Living a balanced green lifestyle

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How to Get Rid of Stinky Dog Odors in Your Car – Part 1

I bought a used car last week. With the price of gas at nearly $4.00 a gallon, commuting with my SUV was really adding up. I was filling up my tank twice a week, at about $50.00 per tank. Let me do the math: Uh, $50 x . . .  Let me just say it was too much!

So I got myself a 1998 Honda Civic HX with low miles and that was nearly stock. This car gets about 40 mpg. I didn’t want a hybrid; hybrid batteries are a whole ‘nother story. Let me tell you, I had been looking for a Honda Civic HX, VX, or CX (the three Civics of the older vintage that get the highest fuel economy) for about the last three months, but my car shopping story will have to wait. I’m here to tell you about stinky dog odors.

Well, my husband and I went to buy this car, and when we got there (200 miles later–yes, such a car with this few miles, good condition, and nearly all stock is worth a 200-mile drive), the driver’s side window was rolled all the way down. I soon understood why.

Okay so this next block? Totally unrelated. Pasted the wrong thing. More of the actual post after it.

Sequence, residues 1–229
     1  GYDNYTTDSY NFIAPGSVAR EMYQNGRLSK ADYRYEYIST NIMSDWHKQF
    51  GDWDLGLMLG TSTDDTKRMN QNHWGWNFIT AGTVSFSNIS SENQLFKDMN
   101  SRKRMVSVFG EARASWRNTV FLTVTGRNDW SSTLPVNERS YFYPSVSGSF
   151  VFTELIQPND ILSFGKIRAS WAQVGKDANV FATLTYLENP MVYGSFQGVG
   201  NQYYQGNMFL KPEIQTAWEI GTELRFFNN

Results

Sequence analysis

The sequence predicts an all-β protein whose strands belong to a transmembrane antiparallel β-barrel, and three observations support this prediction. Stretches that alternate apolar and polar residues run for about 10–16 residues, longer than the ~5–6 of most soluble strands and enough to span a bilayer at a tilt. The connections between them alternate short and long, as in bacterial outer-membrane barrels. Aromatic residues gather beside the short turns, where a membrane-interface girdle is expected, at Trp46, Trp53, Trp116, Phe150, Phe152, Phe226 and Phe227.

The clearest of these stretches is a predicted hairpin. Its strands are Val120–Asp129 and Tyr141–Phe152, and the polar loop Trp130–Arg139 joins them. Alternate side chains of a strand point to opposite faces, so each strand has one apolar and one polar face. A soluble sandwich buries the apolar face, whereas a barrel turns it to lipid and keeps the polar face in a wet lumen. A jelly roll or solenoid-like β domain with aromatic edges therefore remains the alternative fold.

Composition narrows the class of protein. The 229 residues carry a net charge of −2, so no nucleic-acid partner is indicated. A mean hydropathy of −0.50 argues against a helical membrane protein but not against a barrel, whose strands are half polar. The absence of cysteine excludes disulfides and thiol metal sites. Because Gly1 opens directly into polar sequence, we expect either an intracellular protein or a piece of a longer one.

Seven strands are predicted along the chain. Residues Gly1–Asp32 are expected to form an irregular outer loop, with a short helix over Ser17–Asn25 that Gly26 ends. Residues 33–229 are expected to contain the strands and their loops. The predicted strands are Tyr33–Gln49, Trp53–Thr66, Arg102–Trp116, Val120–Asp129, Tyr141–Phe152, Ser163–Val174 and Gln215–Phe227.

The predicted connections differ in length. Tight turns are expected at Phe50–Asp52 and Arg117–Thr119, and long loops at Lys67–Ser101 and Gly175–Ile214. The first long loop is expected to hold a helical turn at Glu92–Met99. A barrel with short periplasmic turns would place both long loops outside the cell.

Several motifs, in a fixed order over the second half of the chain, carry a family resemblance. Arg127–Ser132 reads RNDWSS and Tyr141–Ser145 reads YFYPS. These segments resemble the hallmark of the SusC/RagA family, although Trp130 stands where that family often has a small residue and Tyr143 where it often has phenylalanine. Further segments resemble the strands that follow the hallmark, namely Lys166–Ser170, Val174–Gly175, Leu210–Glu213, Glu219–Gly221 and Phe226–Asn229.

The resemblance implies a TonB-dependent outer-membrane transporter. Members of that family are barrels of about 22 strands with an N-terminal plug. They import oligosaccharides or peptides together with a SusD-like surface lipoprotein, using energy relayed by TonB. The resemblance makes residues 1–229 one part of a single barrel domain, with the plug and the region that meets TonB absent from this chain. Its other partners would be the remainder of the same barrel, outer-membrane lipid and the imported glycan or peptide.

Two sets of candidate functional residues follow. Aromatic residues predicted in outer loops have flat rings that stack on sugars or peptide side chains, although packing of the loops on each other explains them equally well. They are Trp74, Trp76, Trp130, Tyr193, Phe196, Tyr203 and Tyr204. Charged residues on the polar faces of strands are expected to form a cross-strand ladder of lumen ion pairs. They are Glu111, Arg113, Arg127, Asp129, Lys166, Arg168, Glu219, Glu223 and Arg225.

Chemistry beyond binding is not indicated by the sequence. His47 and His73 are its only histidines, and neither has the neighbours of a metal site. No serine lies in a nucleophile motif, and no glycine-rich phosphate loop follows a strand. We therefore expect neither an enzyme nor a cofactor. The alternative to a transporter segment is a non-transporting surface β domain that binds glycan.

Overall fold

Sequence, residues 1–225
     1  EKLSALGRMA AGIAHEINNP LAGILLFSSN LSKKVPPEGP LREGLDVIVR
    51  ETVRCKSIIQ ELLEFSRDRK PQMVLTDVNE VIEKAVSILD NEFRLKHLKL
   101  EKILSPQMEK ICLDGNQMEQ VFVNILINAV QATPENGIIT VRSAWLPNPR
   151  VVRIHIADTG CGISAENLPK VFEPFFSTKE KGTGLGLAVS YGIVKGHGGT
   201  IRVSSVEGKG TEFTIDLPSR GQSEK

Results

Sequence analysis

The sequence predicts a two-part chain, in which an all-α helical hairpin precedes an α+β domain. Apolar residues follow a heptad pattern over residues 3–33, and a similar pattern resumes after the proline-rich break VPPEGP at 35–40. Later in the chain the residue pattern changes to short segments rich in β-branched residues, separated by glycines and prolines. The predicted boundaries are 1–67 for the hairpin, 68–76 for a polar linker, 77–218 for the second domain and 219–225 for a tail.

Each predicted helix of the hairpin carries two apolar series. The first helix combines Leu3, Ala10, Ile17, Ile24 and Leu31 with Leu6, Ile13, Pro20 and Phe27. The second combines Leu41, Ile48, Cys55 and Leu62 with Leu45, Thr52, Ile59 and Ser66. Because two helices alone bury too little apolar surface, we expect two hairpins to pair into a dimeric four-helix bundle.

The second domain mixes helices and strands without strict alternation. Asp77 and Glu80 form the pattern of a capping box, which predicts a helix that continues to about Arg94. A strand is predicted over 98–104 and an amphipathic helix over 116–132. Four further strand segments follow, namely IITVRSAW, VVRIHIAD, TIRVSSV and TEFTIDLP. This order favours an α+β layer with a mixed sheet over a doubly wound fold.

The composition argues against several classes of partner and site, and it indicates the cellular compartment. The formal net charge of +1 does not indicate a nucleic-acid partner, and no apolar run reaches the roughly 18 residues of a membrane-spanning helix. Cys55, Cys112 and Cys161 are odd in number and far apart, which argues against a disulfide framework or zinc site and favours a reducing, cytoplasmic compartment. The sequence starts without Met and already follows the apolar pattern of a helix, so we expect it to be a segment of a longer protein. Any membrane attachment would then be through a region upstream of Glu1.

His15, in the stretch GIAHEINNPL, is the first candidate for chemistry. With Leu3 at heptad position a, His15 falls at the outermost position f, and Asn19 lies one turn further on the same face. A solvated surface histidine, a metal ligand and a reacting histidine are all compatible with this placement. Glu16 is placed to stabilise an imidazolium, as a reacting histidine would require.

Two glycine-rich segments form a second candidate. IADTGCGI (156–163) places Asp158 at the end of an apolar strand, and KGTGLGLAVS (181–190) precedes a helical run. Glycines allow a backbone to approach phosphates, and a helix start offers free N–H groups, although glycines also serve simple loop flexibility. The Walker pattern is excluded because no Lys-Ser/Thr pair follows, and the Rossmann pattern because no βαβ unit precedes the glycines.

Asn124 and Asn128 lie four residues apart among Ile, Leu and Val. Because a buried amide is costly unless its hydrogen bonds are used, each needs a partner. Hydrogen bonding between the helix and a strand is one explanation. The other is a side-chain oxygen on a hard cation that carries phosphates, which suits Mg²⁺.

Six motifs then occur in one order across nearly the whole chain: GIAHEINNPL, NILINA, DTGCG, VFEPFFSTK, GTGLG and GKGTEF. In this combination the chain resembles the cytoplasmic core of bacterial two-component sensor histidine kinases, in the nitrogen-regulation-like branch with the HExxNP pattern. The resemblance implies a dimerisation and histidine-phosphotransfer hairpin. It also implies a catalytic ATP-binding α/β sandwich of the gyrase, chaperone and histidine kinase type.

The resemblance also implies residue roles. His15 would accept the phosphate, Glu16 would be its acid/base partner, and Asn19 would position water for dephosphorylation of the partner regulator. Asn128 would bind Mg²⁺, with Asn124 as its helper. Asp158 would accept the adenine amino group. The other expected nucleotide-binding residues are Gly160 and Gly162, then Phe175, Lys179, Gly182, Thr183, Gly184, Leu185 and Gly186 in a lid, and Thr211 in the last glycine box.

The sellers said they had gotten the car detailed yesterday, just before they posted it on Craigslist. They said the detailer overdid the shampoo and they were letting it dry and air out. What an understatement. The entire dash area glistened with an oily sheen. Looked like Armor All was applied like it was the Blue Light special. The car reeked of chemical fragrance. And beneath the overwhelming chemical odor, you could still smell dog.

Well, the car, as I said, had low miles and was in really good condition, and I was tired of paying $400 a month in gas. So I was willing to overlook the poor, chemical-laden detailing job and underlying stinky dog smell and plop down my money (via PayPal, no less, because it was Sunday and all the banks were closed). I waved the stinkyness off as being cosmetic and something I could manage when I got home.